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Medicaid Work Requirements Dealt a Loss in Elections

Michael Rainey

The effort to impose work requirements on Medicaid beneficiaries experienced a setback Tuesday with the apparent defeat of Kentucky Gov. Matt Bevin.

Bevin, a Republican, hasn’t conceded defeat in his reelection race, but he trails his Democratic opponent, Kentucky Attorney General Andy Beshear, who has declared victory. Beshear made the elimination of Medicaid work requirements a central part of his campaign and said Wednesday that he would rescind them as soon as he takes office.

The background: Medicaid expansion provides health coverage for about 400,000 Kentucky residents. In 2018, the Trump administration gave the state the first federal waiver to allow work requirements for Medicaid beneficiaries, though legal challenges have prevented the new rules from taking effect. At the time, Bevin said the work requirements were long overdue, even though they would result in an estimated 95,000 state residents losing their health insurance. Like many supporters of work requirements, Bevin said they were designed to cut costs and to help Medicaid enrollees personally. “There is dignity associated with earning the value of something you receive,” he said.

The political lesson: Bevin nationalized his campaign, tying himself to President Trump, so it’s hard to tease out just how much his loss might be about national politics or state issues like Medicaid expansion. Still, political observers suggest Bevin’s unpopularity — compared to Trump, who remains popular in Kentucky — is rooted in the position he staked out on Medicaid along with his push for pension reforms that cut retirement benefits for new teachers and funding for public schools, sparking teacher protests.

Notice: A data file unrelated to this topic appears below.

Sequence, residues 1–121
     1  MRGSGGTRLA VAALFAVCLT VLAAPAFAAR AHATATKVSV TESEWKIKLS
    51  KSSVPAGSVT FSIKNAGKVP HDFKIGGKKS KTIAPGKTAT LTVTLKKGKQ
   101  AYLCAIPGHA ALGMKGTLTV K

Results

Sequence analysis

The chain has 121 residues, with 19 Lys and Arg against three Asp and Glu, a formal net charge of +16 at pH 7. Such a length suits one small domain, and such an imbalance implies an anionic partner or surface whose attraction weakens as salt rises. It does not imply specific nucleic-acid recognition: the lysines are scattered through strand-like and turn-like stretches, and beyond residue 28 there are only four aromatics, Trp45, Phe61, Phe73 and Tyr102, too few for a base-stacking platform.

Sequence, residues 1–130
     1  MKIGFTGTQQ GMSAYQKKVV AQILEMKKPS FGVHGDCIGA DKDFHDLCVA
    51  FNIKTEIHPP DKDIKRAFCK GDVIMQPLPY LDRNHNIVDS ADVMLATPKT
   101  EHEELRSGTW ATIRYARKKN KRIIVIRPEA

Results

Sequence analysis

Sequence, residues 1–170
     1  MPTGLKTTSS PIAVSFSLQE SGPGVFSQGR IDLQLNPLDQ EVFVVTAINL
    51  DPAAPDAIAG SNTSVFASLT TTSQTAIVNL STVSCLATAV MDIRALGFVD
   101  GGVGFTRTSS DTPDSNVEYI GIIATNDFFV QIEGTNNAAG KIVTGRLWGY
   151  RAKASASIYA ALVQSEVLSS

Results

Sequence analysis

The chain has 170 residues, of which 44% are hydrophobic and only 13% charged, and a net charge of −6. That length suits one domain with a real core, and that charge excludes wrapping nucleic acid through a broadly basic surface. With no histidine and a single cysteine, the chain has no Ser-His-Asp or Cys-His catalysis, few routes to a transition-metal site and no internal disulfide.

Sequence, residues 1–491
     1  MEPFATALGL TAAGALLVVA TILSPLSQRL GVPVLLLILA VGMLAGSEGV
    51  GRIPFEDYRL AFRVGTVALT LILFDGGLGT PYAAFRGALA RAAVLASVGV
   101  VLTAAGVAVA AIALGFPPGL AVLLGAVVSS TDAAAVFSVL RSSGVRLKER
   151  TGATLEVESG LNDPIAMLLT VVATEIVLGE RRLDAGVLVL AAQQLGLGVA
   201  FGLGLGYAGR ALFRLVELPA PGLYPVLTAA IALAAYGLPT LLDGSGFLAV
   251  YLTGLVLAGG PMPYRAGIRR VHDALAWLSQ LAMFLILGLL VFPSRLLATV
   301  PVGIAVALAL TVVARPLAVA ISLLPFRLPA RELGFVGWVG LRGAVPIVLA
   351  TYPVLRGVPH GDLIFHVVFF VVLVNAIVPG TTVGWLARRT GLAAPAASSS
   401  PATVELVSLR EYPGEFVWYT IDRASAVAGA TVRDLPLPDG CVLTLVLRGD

Joan Alker, director of the Center for Children and Families at Georgetown University, said Wednesday that Medicaid expansion in Kentucky has been popular, in part because it covers 40% to 50% of adults in rural areas in the state. “This continues a trend we have seen in recent elections where Medicaid has a lot of support at the ballot box across political parties,” Alker told The Hill. “It’s really remarkable how important Medicaid expansion has become as an issue in red states. And the voters want it.”

Bevin’s effort to cut Medicaid was likely a problem for him with some portion of Kentucky’s rural voters, which may have been the difference in an extremely tight race. “As it turns out, when the governor slashes social programs in one of the poorest states in America, voters don't want to re-elect him,” Alex Wagner, a contributing editor at The Atlantic, said Wednesday.

Mixed messages elsewhere: Medicaid expansion was part of the electoral mix in two others states Tuesday. In Virginia, where Medicaid expansion passed last year, voters gave control of the legislature to Democrats, which could result in Democratic Gov. Ralph Northam withdrawing or freezing a pending request to impose work requirements on beneficiaries. In Mississippi, voters appeared to reject Medicaid expansion, electing Republican Tate Reeves, who ran against it on “philosophical grounds.”

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